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DSLR Guide News - New Cameras Coming Soon
August 29, 2010
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I haven't reported on a new DSLR camera in MONTHS and now - thanks to Nikon and Canon - I'm finally able to do so.
The D3100 is a follow-up to the immensely popular entry-level Nikon D3000. The D3000 was a bare-bones camera with no live view mode and no movie mode: it was just a very basic camera that took DSLR-quality photos.
The D3100 changes all that: adding BOTH a live view LCD screen and a Full High Definition (HD) video capture mode. By Full HD I mean 1080p, the highest quality level that you can get when it comes to digital video.
Your vacation videos simply won't be the same, especially not if you connect the camera (via a mini HDMI port) to a big-screen HDTV.
The D3100 preserves the entry-level mode available on the D3000 which make more sophisticated DSLR settings like aperture, shutter speed and ISO accessible to people just making the transition from point-and-shoot.
While I still advocate that you learn what these terms mean - and learn how to set them yourself manually - it's nice that the camera engages in some hand-holding if you brain-freeze about the setting that helps you throw the background out of focus.
The Nikon D3100 will be available in September with a list price of $700 USD for a camera plus 18-55mm lens.
The 60D is an upgrade to the 50D, and this new model blends features from a variety of different Canon cameras.
First, it borrows the HD video capture mode from the Canon 7D, and it pairs that with a 9-point autofocus and fast consecutive shooting speed available on the Canon 50D (5.3 photos per second).
Thrown into the mix is the 18 megapixel sensor used by the Canon T2i and one other "bonus" not available on any other Canon DSLR: an articulated LCD screen.
The Canon 60D is the first Canon DSLR with a 3 inch live view LCD that flips out from the camera body and rotates for all sorts of high and low-angle photography.
Even though the 60D is aimed at photographers with more experience, it does include a Basic + mode that will help beginning SLR photographers bridge the knowledge gap between a point-and-shoot and the significantly more advanced 60D.
The Canon 60D will be available in September with a list price of $1,400 for a camera plus 18-135mm lens.
Let's talk about aperture first - the width of the opening in your lens.
When you're taking action shots, the success or failure of each photo depends on shutter speed. If your shutter speed is too slow, your subject will look blurry (there's no negative impact if your shutter speed is too fast).
Since you want super-fast shutter speeds, the lens needs to be letting in a lot of light - this is where aperture comes in.
When taking action photos, you'll often want to select the widest aperture your lens will allow. This ensures that your camera is at the fastest shutter speed it can achieve given the amount of available light.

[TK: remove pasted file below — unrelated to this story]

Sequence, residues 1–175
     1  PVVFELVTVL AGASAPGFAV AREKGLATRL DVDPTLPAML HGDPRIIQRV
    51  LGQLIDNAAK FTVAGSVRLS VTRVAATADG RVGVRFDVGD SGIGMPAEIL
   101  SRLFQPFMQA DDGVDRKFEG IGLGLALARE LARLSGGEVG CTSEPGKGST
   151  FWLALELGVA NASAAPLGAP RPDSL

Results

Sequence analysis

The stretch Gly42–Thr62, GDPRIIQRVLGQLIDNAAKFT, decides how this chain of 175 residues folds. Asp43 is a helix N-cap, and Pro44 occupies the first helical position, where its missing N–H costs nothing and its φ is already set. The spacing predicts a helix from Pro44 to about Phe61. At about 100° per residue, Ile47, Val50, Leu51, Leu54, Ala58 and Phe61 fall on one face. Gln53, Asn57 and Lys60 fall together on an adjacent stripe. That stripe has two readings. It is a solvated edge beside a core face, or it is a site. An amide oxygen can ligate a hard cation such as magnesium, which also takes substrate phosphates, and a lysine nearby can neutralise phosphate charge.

To get the widest aperture, do the following:
Aperture: f/4.5 Shutter:1/2000
In aperture priority mode, the camera will pick the fastest shutter speed possible to go with your nice wide aperture. If there is plenty of available light, this shutter speed can be as high as 1/2000th of a second. In overcast light or in the late afternoon, it might only be 1/500th of a second (but this is still great for most moving subjects).
Now that you've got a nice fast shutter speed that will freeze the motion of your subjects, you have to ensure that they are properly focused.
The default focus setting for all digital SLR cameras is called "one-shot" autofocus. This means that the camera focuses ONCE on a set point in space and that you have to take a picture before it will focus again.
This doesn't work well for subjects in motion, since they can be well past the last point you focused on before you take the shot.
For subjects in motion, you'll need to switch from one-shot autofocus to continuous autofocus (also sometimes called servo autofocus). In this autofocus mode, the autofocus constantly adjusts the focus point to keep track of a moving subject, even ones heading straight for the camera.
To maximize the accuracy of the continuous autofocus, manually select only the center focus point. All modern DSLRs have multiple focus points spread out in the viewfinder, but the one in the center is often the most accurate.
When you change the camera from using all the focus points to just using the one in the center, you will improve the clarity of the shots you take with continuous autofocus.
Now all that's left is the drive mode. The drive mode lets you control what happens when you press down on the shutter release button. Some options include: